Refugees Magazine, 1 September 1996
The mitigation of environmental damage is one of the priority items in today's refugee situations. Donors recognize that moderate expenditure can save enormous cost in repairing damaged lands.
The Ethiopian camel and donkey drivers along the dirt road from Jijiga to Hartisheik have a common complaint against the Somali refugees: they have chopped down trees over a wide expanse of eastern Ethiopia's dry savannah.
"They are brothers," says Abdul Abdi Ali, 40, as he heads toward the market in the refugee town of Hartisheik to sell firewood loaded on the backs of his camels. "They have cut down our trees. But we have no personal problems with them."
Since the influx of the Somali refugees in 1988, the areas around their camps have been severely eroded. Now, both refugees and Ethiopians have to travel miles in search of wood for fuel and shelter. The long-term consequences are expected to be costly for the host community, which will bear the burden long after the Somalis are gone.
The situation in eastern Ethiopia is similar to the predicament experienced by other countries caring for large numbers of refugees – shrinking forests, poaching in game parks, pollution of water resources and soil erosion.
Environmental damage as a result of refugees' presence has been a major UNHCR concern for years. But the need to address immediate survival needs in emergency refugee situations often overshadowed projects to ease ecological problems in the past.
Donors recognize that moderate expenditure on environmental protection can save enormous costs in rehabilitation of damaged lands after repatriation. For this reason, UNHCR has facilitated activities of its implementing partners to provide some Rwandan refugee camps in the Great Lakes with fuel wood; to distribute fuel-efficient stoves in nine countries, including Kenya, Malawi, Somalia, Uganda and Zimbabwe; and to set up tree-planting programmes in Malawi and Pakistan. The two reforestation programmes, started in the 1980s, have also provided refugees and host communities with jobs.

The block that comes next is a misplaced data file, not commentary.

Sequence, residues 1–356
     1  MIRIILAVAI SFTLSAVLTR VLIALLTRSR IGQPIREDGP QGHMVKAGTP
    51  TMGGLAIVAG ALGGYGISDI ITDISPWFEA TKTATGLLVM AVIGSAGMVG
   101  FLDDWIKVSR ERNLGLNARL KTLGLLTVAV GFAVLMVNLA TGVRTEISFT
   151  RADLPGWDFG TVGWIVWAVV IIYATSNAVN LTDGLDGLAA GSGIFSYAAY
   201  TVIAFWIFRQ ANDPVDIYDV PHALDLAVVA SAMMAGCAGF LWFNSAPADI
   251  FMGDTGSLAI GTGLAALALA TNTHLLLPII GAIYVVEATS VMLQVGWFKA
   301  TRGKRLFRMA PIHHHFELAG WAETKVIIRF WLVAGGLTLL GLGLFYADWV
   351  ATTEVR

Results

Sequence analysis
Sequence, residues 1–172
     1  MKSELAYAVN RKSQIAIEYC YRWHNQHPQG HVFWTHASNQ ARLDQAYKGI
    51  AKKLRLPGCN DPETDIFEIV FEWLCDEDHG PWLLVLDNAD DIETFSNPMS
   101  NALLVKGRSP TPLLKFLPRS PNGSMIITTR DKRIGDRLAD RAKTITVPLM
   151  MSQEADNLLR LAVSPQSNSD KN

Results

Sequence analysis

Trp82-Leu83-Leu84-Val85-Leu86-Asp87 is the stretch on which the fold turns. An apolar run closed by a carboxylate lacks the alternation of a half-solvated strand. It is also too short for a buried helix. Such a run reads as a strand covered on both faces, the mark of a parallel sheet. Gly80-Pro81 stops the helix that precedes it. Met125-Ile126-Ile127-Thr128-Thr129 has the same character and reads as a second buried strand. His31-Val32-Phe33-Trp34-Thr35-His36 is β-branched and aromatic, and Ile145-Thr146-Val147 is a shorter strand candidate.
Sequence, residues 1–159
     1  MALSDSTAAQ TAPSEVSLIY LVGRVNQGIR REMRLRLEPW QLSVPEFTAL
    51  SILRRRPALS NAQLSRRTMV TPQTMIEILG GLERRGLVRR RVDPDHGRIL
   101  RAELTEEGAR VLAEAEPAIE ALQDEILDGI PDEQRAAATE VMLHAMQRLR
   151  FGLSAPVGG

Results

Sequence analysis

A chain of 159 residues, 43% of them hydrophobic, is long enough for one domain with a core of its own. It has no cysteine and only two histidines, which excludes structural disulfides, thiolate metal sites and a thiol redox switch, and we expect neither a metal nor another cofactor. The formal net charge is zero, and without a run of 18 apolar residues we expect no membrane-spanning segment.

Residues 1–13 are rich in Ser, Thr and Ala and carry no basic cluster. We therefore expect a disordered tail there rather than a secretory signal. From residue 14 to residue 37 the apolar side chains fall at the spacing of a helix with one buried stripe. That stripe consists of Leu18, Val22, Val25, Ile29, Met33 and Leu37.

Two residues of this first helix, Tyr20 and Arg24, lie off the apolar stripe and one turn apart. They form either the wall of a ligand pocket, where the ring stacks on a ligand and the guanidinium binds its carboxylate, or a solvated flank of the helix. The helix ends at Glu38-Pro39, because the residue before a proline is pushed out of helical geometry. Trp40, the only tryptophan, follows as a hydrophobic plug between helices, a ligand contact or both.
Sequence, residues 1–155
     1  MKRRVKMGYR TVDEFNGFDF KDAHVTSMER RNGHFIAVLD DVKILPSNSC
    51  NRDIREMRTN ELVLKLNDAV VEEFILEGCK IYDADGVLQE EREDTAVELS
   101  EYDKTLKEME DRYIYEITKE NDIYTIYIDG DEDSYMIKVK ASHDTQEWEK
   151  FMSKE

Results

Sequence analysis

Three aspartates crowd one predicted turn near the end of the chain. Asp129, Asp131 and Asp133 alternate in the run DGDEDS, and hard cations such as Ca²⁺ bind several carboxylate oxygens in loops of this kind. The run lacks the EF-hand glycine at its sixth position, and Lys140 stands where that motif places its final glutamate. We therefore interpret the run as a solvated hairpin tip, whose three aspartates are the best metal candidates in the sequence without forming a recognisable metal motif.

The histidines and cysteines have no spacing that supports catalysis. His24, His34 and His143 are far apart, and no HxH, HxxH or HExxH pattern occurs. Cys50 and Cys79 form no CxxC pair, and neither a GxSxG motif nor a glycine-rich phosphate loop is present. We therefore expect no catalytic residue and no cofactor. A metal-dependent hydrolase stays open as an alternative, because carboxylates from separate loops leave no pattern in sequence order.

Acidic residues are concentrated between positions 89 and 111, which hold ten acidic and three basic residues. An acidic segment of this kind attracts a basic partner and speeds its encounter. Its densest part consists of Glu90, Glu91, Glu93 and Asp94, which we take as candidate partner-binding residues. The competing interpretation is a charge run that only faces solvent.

In 1995, UNHCR issued a policy paper calling for the prevention and mitigation of ecological damage and the integration of efficient measures to deal with it in all levels of refugee operations. The initiatives require the participation of both refugees and host communities. This year, UNHCR released "Environmental Guidelines" to implement the policy, proposing the deployment of experts in the field and the education of both refugees and their host communities on the need to protect their fragile surroundings. Increasing attention is being paid to environmental planning. UNHCR has developed an environmental database at its headquarters in Geneva to support its work worldwide, including such areas as Ethiopia.
The regions around the Somali refugee camps in eastern Ethiopia have always been fragile. Abdi Hashi Abdirahman, 38, who heads the South East Rangelands Project (SERP), says British colonizers had once attempted to make a large part of Hartisheik and its surroundings a game preserve, allowing only limited grazing. So, for years, the sparse vegetation and forest cover was protected.
"Then the refugees came and started to cut down trees and soon there was no forest left," said Abdirahman. "The locals also chopped trees and made charcoal to sell to the refugees."
Abdirahman's office, which is part of the Agriculture Ministry, is promoting tree planting to counteract the ecological damage in the country's eastern region. SERP is heavily funded by the African Development Bank. It has five seedling centres to which UNHCR has contributed $2 million to promote tree planting.
To ease pressure on scarce water sources, UNHCR has been constructing water catchment basins and wells. It is now laying down pipes to bring water from one of its main sources in the region, in the Jerer valley, for the Somali refugee camp at Kebri Beyah that also would benefit the Ethiopians.
Source: Refugees Magazine Issue 105 (1996)